Monday, November 5, 2018

Grant is a 13-year-old boy with trisomy 21 who presents with his mother for concerns regarding the emergence of several new disruptive behaviors. While he is verbal, he also communicates through an augmentative communication device. He currently attends a residential school. Over the past 2 months, he has begun spitting at the staff, engaging in self-injurious behaviors, placing his hands in his pants, and frequently talking about “pee and poop.” Notably, Grant has undergone several changes to his educational placement and medical health over the past several months. He recently transferred to his current residential school from another placement to be closer to his family, although this has meant that Grant was unable to work with his long-time aide. Additionally, most of the students at Grant's current school are significantly lower functioning than him, such that Grant is one of the few verbal children.

Approximately 3 months ago, Grant underwent significant dental work under anesthesia. Grant had previously taken an alpha-agonist for behavioral management, although he was weaned off this 4 months ago because of increasing somnolence increasing somnolence. Grant's recent behavioral challenges make performing community and home activities more challenging.

Grant's behavioral history is notable for a previous episode of behavioral and emotional challenges 18 months ago. This occurred in the setting of transitioning to a new classroom with higher academic and behavioral expectations and decreased time spent with his family. These behaviors had consisted of self-injurious behaviors and tantrums consisting of crying and social withdrawal. This was managed by increased behavioral and academic supports via trained teachers and aides, medication management, and optimizing his augmentative communication. After these interventions, Grant's behavioral and emotional functioning improved and remained stable until this current episode.

Grant's mother is concerned about what may be causing these emerging behaviors and wondering if any of the recent educational and medical stressors could be contributing. What do you do next?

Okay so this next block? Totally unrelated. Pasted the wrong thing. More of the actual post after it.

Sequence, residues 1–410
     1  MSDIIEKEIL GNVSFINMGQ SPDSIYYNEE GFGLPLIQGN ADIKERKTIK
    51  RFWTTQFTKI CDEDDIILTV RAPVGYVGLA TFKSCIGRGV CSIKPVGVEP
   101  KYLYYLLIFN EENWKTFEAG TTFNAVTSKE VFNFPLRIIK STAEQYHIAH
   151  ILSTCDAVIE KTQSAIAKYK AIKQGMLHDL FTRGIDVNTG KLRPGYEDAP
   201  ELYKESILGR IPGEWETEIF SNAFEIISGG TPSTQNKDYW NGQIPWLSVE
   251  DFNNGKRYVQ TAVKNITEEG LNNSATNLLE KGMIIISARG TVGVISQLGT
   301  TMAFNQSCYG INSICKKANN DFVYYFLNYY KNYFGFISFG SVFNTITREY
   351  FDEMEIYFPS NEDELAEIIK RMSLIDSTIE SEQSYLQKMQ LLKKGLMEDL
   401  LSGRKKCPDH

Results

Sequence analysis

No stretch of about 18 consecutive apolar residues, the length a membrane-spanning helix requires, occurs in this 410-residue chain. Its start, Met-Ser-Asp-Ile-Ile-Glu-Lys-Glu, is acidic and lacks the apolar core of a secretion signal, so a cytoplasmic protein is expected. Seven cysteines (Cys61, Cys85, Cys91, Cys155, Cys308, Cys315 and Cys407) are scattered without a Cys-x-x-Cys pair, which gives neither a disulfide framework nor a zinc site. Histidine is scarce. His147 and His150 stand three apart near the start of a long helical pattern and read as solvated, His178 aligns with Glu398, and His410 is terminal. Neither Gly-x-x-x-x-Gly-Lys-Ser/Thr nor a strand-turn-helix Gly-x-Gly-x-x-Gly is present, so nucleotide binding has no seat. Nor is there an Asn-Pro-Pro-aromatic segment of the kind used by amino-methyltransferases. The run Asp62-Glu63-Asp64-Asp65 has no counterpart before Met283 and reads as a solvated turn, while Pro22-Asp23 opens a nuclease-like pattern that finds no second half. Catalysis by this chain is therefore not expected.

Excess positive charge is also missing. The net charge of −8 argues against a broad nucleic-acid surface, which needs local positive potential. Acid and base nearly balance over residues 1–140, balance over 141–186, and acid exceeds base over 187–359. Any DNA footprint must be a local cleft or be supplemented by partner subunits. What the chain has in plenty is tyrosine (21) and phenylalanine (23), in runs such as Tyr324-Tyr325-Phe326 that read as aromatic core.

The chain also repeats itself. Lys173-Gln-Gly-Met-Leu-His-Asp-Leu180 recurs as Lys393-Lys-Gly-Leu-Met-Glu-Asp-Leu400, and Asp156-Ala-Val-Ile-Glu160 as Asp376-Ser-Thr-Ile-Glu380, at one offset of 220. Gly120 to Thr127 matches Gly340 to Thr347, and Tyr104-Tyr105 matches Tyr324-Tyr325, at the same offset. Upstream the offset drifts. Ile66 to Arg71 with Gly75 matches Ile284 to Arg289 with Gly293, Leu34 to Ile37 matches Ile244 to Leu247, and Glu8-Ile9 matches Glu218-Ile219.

Tuesday, September 25, 2018

Andrew is a 17-year-old male with Trisomy 21, commonly known as Down Syndrome (DS), and accompanying severe intellectual disability who presents to your primary care office with his father for the first time to establish care and assistance with transition. Andrew has a history of complete AV canal that was repaired as an infant as well as poorly controlled infantile spams. Currently, he struggles with constipation, esophageal strictures, medullary nephrocalcinosis, urinary retention, sleep dysregulation, G-tube dependency, and hip dysplasia. 

Andrew walked at 11-12 years of age. Currently, he ambulates on his feet at home and in a wheelchair out in the community. He is non-verbal but can imprecisely sign for “more” and understands a few words. Father reports his main concern is longstanding non-suicidal self-injury (NSSI) and aggression. His self-injury consists of head banging against hard objects such as concrete floors and biting or scratching himself to the point of bleeding. Over the past 13 years, he has been prescribed over 10 different psychotropic medications, including various typical and atypical antipsychotics, selective serotonin reuptake inhibitors, benzodiazepines, mood stabilizers, and alpha agonists, all of which were discontinued due to the perception of undesirable side effects or lack of efficacy. His current medications include aripiprazole, olanzapine, levetiracetam, clorazepate, and trazodone. To rule out causes of irritability, you order a brain and spine MRI, metabolic testing (for causes of NSSI such as Lesch-Nyhan), an autoimmune work-up (for causes of pain or inflammation such as juvenile idiopathic arthritis), and hearing/vision testing, which are all normal. Prior testing by sub-specialists (he is followed by Gastroenterology, Sleep Medicine, Orthopedics, Nephrology, Neurology, Cardiology and Psychiatry) included normal renal ultrasound and no clear sources of gastrointestinal pain. However, key providers are spread amongst multiple institutions and do not regularly communicate.

Andrew lives with his parents who are highly educated and very dedicated to his health and wellness. Mother travels frequently for work and father is Andrew’s full time caregiver. Despite remaining ostensibly positive, father reports significant caregiver burnout and fatigue. 

Over the next several months, Andrew continues to experience worsening NSSI necessitating medication changes despite active involvement in ABA therapy. During this time, he presents to the emergency room multiple times for irritability and self-injury. On exam, he is aggressive, irritable, has bruises on his forehead and scratches on his skin, and has intermittent vertical gaze deviation that was noticeable to parents. The rest of his physical and neurological exam was unremarkable and revealed no asymmetry, clonus, hyperreflexia, or changes in muscle tone. While examining his extremities, joints and abdomen, there was no obvious source of pain.